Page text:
A few years ago Tony flew to Hawaii to speak at a conference. The way he tells it, he checks into his hotel and tries to get some sleep. Unfortunately, his internal clock wakes him at 3:00 a.m. The night is dark, the streets are silent, the world is asleep, but Tony is wide awake and his stomach is growling. He gets up and prowls the streets looking for a place to get some bacon and eggs for an early breakfast. Everything is closed except for a grungy dive in an alley. He goes in and sits down at the counter. The fat guy behind the counter comes over and asks, "What d'ya want?" Well, Tony isn't so hungry anymore so eying some donuts under a plastic cover he says, "I'll have a donut and black coffee." As he sits there munching on his donut and sipping his coffee at 3:30, in walk eight or nine provocative, loud prostitutes just finished with their night's work. They plop down at the counter and Tony finds himself uncomfortably surrounded by this group of smoking, swearing hookers. He gulps his coffee, planning to make a quick getaway. Then the woman next to him says to her friend, "You know what? Tomorrow's my birthday. I'm gonna be 39." To which her friend nastily replies, "So what d'ya want from me? A birthday party? Huh? You want me to get a cake, and sing happy birthday to you?" The first woman says, "Aw, come on, why do you have to be so mean? Why do you have to put me down? I'm just sayin' it's my birthday. I don't want anything from you. I mean, why should I have a birthday party? I've never had a birthday party in my whole life. Why should I have one now?" Well, when Tony Campolo heard that, he said he made a decision. He sat and waited until the women left, and then he asked the fat guy at the counter, "Do they come in here every night?" "Yeah," he answered. "The one right next to me," he asked, "she comes in every night?" "Yeah," he said, "that's Agnes. Yeah, she's here every night. She's been comin' here for years. Why do you want to know?" "Because she just said that tomorrow is her birthday. What do you think? Do you think we could maybe throw a little birthday party for her right here in the diner?"...
  • The Politics of Memory and Hope

    by J. Leavitt Pearl
    It is perhaps clichéd to note that our contemporary political situation reads like a litany of injustice. From the most intimate sexual assaults, to the most public acts of state violence, injustice appears at every level of society. There is simply no escape from the unbearable weight of injustice. However, in every such moment we hear the quiet call of justice...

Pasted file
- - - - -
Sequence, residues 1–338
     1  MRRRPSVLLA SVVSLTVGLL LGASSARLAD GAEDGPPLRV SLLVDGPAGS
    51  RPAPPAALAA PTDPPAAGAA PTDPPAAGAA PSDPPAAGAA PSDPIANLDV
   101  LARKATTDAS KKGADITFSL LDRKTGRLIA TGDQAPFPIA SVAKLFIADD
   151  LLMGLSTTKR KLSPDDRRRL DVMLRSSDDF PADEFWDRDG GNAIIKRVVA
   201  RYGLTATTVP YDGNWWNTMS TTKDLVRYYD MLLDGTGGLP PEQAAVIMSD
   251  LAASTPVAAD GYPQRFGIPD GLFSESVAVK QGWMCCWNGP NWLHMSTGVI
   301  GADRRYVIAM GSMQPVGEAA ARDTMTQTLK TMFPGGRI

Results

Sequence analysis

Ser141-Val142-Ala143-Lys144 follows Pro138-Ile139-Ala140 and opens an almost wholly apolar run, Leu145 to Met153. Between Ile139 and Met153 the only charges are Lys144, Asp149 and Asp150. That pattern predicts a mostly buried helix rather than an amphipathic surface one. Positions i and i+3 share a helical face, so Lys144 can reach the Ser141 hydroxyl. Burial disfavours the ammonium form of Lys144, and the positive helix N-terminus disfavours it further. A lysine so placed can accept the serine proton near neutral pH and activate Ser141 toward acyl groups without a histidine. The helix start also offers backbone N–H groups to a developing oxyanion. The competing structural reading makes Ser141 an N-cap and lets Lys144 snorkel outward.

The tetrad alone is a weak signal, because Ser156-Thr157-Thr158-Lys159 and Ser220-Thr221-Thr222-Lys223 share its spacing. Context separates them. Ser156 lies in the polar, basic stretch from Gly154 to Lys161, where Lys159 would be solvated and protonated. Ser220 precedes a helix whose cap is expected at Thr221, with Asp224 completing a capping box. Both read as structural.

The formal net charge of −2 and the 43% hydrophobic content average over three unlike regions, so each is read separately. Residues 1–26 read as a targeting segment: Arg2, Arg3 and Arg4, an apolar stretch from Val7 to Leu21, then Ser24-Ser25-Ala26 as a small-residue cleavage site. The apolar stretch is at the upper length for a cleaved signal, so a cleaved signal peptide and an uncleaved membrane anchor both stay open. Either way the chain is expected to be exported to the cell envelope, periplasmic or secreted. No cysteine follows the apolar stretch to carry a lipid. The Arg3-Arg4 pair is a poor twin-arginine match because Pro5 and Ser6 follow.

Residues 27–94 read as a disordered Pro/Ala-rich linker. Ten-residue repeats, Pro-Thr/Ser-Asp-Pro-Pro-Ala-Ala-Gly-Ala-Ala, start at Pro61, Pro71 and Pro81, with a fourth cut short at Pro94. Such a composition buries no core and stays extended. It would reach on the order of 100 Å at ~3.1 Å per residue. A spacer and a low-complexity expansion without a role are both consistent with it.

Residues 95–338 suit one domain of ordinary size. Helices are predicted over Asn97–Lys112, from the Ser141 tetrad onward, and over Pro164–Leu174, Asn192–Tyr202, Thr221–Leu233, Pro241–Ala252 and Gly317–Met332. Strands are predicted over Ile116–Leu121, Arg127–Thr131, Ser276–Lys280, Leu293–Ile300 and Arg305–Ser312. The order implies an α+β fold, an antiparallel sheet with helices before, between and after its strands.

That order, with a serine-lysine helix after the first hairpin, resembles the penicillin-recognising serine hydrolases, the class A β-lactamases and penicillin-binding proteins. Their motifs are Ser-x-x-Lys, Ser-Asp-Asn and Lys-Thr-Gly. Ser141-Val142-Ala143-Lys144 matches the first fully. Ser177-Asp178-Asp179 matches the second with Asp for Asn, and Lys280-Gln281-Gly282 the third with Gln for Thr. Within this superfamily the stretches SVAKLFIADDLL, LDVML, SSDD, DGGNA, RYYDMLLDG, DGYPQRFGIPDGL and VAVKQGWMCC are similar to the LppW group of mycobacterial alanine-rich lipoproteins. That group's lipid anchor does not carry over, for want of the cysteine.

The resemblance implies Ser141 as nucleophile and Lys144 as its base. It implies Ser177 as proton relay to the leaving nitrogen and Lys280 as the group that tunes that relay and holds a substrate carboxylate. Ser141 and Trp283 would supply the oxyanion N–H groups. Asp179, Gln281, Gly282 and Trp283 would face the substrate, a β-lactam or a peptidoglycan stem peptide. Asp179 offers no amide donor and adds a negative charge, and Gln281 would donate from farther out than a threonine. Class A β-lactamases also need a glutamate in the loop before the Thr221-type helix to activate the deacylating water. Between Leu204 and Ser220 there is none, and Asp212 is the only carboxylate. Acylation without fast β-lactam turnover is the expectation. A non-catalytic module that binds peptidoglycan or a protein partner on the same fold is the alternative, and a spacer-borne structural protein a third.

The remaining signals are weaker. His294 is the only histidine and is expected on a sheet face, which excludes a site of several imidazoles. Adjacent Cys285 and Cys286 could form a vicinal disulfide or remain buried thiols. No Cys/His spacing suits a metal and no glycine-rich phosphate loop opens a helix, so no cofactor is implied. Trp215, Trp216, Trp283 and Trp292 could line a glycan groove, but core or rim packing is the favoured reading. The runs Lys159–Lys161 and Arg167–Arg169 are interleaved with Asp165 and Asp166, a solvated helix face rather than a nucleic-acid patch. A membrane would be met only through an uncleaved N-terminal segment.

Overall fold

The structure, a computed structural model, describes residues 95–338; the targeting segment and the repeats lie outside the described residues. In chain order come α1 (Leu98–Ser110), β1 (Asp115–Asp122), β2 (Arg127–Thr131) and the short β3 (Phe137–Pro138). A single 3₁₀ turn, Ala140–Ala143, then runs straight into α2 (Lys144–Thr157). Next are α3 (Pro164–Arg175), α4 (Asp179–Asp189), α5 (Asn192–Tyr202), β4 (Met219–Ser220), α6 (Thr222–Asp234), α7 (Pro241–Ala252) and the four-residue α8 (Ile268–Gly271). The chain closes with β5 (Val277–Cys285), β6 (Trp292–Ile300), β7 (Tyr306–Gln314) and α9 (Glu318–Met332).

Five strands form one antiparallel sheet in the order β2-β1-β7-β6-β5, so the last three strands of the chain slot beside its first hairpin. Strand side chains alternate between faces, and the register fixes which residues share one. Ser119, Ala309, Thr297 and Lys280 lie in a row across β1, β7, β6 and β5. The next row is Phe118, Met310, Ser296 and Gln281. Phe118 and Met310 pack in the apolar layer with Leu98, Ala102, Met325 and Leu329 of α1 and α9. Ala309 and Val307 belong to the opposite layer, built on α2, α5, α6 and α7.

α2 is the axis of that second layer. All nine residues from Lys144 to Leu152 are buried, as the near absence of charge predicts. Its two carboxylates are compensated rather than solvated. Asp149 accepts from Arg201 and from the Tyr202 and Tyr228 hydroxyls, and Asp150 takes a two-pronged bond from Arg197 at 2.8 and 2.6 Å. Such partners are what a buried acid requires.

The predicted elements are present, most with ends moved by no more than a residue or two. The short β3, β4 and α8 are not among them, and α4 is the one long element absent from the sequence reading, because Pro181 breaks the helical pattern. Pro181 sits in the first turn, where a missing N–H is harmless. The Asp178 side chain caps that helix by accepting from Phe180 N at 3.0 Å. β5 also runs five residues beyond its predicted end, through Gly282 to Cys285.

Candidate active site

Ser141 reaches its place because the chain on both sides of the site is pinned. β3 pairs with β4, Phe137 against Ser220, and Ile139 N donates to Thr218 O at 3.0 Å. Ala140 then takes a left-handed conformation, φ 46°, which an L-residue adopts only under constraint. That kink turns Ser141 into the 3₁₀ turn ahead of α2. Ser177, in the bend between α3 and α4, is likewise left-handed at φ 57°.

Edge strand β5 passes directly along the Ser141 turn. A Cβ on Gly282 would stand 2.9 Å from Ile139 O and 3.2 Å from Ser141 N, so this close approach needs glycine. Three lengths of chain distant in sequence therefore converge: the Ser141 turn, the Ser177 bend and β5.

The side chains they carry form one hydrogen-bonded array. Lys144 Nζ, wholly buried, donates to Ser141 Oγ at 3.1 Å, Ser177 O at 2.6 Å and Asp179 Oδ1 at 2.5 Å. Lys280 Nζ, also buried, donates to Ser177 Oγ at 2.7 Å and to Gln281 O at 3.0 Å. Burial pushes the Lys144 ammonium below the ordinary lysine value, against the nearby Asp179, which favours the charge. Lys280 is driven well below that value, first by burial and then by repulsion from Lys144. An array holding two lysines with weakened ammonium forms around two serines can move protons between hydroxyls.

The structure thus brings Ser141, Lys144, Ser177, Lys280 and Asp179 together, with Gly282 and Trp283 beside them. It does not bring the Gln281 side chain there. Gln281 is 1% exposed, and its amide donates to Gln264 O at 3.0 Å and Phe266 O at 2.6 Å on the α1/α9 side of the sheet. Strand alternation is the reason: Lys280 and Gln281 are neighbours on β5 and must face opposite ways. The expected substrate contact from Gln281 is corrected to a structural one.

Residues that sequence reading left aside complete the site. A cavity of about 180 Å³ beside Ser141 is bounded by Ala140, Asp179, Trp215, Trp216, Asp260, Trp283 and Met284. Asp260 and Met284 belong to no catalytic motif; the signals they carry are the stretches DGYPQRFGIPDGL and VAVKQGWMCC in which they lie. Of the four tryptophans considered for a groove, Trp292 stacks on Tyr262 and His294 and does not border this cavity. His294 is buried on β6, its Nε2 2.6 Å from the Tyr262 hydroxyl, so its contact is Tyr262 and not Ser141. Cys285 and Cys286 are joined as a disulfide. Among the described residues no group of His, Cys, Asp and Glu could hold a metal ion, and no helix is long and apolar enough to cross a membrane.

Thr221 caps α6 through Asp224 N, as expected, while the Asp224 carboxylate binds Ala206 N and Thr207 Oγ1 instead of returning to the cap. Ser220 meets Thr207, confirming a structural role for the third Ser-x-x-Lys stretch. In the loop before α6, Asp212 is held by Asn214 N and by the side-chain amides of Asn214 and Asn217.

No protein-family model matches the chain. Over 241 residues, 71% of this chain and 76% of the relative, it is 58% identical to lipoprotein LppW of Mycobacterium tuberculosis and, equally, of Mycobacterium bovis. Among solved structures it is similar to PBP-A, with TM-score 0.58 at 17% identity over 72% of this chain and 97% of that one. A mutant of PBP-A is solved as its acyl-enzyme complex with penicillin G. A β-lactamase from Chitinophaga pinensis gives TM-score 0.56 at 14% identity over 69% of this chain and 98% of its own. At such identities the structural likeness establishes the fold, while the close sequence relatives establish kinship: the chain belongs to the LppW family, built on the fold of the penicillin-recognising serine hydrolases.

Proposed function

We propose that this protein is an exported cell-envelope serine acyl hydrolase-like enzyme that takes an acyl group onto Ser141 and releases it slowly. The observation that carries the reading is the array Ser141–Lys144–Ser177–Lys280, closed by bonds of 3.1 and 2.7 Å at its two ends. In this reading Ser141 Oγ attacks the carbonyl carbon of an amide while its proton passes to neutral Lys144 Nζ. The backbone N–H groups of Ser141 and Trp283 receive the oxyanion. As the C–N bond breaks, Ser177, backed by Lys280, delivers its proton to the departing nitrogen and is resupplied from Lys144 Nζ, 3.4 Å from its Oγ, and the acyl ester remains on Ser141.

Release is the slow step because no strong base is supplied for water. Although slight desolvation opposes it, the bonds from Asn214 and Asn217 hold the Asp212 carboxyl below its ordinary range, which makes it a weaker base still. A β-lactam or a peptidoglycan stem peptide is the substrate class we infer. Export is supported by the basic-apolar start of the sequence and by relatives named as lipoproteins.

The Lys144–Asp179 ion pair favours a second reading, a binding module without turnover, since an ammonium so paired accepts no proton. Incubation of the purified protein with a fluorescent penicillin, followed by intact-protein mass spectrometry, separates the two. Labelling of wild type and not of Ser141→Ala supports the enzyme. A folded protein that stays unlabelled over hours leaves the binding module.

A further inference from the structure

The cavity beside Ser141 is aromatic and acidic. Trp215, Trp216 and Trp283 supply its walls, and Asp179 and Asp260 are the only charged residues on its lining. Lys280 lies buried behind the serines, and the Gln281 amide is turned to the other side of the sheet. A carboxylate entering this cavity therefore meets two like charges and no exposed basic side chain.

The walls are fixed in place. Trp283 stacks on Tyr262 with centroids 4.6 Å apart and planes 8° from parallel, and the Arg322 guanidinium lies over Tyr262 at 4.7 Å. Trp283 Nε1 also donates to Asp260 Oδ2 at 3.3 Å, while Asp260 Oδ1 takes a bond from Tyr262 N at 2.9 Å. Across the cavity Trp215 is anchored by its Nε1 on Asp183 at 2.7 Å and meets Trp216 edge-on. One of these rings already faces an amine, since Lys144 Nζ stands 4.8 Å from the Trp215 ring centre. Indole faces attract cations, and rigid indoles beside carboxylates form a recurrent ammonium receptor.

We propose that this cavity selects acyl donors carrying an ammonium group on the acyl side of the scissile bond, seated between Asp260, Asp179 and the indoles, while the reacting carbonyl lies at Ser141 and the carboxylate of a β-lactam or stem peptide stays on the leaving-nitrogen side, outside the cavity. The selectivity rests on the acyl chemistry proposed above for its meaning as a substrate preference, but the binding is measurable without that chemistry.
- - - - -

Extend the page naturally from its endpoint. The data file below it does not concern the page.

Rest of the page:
• No More Lying About Mary

    by Nancy Rockwell
    According to Luke, the Angel approached her with words of great honor: Hail Mary, full of grace. Many artists paint the angel kneeling, in recognition of the honor given to her. The angel is explicit; the honor is for the grace that is distinctly hers. This is a courtship scene. the angel is wooing her, on bended knee, a suitor – not a constable bringing a decree. It is Mary’s grace that has attracted God’s attention. And what is this grace? It is what Luke shows us in her conversation and her actions – courage, boldness, grit, ringing convictions about justice. Not submissive meekness. Grace is not submission. And the power of God is never meek...
  • Mary's Song

    by David Russell
    This week, as our nation remembered President George H.W. Bush, we recalled one of the key world events of that era, the tearing down of the Berlin Wall. Pastor David Lose shares about his visit to Eastern Germany a few years after the fall of the wall. The group he was with had a chance to meet with leaders of the resistance in Leipzig. For several months prior to the fall of the wall in Berlin, peaceful protests were held by the citizens of Leipzig. Gathering on Monday evenings by candlelight around St. Nikolai church, the church where Bach composed so many of his cantatas, they would sing, and over two months their numbers grew from a little more than a thousand people to more than three hundred thousand, over half the citizens of the city, singing songs of hope and protest and justice until their song shook the powers of their nation and changed the world. One of the hosts told Lose that after the fall of the wall, a pastor who was helping to lead the resistance asked a former secret police commander why they hadn’t crushed this movement as they had so many others before. His answer was, they had no contingency plan for song and prayer…
  • To Infinity and Beyond

    by Chana Tetzlaff